Eric Brewer (unrestricted – previously $4.25 million) – A lot of people thought Brewer was “done” before the St. Louis Blues traded him to the Lightning, yet he lead a shaky Tampa Bay defense in ice time with 25:42 minutes per game in the postseason. That’s about 3:30 more per game than the second leading skater, Victor Hedman. Brewer is likely to take a pay cut with his next contract, but he probably regained some bargaining power during the playoff run.

Others: Adam Hall, Marc-Andre Bergeron and Randy Jones (unrestricted); Mike Lundin and Matt Smaby (restricted).

***

As you can see, the Lightning need to make some tough choices this summer. They also need to factor in the summer of 2012, too, as Victor Hedman, Steve Downie, Dominic Moore and other players will see their contracts expire at that time.

Ultimately, we’ll see if Yzerman can continue the momentum from a great first season in a much tougher second summer. Tampa Bay features plenty of firepower on offense, but have questions in net and problems on defense. It should be fascinating to watch what direction this team takes as the 2010-11 season approaches. We’ll keep you informed along the way.

PHT Morning Skate: Blues looking for top-6 winger; Pacific Division race

NHL News
Getty
Leave a comment

Welcome to the PHT Morning Skate, a collection of links from around the hockey world. Have a link you want to submit? Email us at phtblog@nbcsports.com.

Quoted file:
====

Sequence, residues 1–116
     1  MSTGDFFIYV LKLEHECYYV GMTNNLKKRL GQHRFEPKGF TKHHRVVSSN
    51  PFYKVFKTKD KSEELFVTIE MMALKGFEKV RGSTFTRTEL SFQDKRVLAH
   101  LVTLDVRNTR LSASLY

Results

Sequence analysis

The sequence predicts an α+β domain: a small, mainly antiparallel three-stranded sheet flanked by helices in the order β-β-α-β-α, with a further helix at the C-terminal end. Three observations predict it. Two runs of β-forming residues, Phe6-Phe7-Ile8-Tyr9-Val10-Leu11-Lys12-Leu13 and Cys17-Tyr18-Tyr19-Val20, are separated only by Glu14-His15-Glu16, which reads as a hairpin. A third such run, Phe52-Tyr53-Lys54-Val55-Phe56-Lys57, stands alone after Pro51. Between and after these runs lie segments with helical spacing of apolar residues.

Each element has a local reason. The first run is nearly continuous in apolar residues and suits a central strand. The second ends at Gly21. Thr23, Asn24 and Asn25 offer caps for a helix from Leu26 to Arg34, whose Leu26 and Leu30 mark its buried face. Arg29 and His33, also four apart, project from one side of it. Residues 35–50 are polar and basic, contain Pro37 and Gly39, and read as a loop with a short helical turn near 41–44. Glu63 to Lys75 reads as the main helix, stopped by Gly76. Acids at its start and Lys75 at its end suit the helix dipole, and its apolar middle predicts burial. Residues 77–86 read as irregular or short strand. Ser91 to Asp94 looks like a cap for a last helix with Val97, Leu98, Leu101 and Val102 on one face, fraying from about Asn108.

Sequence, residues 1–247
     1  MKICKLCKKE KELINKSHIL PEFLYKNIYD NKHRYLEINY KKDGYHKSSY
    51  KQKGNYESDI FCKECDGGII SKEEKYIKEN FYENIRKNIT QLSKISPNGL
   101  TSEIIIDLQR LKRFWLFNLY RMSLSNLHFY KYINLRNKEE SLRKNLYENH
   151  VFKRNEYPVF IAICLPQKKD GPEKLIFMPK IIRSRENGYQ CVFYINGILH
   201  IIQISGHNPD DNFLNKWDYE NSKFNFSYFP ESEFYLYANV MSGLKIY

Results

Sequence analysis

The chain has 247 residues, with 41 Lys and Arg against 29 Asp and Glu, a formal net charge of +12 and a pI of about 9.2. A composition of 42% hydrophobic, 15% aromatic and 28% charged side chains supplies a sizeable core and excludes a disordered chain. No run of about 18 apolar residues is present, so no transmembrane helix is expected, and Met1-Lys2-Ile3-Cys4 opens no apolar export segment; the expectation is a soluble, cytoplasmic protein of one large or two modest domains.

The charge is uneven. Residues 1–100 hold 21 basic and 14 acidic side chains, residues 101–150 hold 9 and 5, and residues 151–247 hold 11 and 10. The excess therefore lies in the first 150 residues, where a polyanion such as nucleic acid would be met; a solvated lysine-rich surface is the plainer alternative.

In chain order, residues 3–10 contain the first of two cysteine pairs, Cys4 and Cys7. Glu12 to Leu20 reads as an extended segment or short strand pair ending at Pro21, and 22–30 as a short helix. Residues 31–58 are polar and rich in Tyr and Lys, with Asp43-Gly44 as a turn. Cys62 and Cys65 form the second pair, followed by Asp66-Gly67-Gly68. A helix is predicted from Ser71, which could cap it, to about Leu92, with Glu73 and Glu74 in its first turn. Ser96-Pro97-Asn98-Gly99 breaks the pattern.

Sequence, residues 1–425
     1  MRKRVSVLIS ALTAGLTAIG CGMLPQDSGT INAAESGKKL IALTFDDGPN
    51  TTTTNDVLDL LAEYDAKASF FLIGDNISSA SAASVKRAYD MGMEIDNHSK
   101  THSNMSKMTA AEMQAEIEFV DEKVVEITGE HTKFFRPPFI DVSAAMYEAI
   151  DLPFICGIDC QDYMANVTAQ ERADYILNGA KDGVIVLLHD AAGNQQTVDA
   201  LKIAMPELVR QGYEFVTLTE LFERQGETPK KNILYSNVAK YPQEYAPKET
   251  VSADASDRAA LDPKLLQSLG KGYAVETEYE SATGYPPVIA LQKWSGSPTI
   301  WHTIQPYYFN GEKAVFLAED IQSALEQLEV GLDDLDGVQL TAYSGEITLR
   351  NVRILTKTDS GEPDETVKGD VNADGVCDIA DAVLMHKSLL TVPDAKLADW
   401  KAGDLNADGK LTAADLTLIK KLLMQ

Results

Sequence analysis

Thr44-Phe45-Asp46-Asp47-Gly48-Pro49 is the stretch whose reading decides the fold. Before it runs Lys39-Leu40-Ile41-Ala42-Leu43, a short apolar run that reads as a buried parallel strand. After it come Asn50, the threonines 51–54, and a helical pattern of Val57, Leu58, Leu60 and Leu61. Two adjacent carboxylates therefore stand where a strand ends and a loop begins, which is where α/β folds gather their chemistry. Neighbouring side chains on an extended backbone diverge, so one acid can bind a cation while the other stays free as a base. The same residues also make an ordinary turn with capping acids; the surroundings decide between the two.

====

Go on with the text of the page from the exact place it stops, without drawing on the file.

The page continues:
• General manager Doug Armstrong says the St. Louis Blues could be in the market for a top-six forward. (St. Louis Post-Dispatch)

• Canucks, Oilers, Flames prime for mad dash in crowded Pacific Division. (TSN)

• Five reasons for fans to be concerned about the Toronto Maple Leafs. (Sportsnet)

• General mangers on the hot seat as the NHL trade deadline approaches. (Spector’s Hockey)

• Has Valeri Nichushkin been Joe Sakic’s best offseason addition for the Colorado Avalanche? (Mile High Hockey)

Matt Dumba‘s good deed went viral, even if he wished it did not. (Pioneer Press)

Matthew Tkachuk‘s chippy controversy is no surprise to Blues players that watched him growing up. (Sporting News)

• Commitment to team defense driving Penguins’ success. (The Point)

• Ex-Penguin Mark Johnson has made his own impact on women’s hockey. (Tribune-Review)

• What the Chicago Blackhawks have done and what they still need to do. (Daily Herald)

• The New York Rangers have officially loaned forward Lias Andersson to HV71 of the Swedish League. (Blueshirt Banter)

• Looking back at the Capitals’ history winning streak a decade later. (NOVA Caps Fans)

Jakub Vrana gives the Washington Capitals something they have not had in more than a decade. (Japers’ Rink)

• Demanding remaining schedule awaits the Nashville Predators. (On The Forecheck)

• NWHL responds to comments about league on Sportsnet. (The Ice Garden)

• The New York Rangers have been the best investment for hockey bettors. (New York Post)

Adam Gretz is a writer for Pro Hockey Talk on NBC Sports. Drop him a line at phtblog@nbcsports.com or follow him on Twitter @AGretz.

The Buzzer: Big milestone night for Patrick Marleau

Big night for Patrick Marleau the buzzer
Getty Images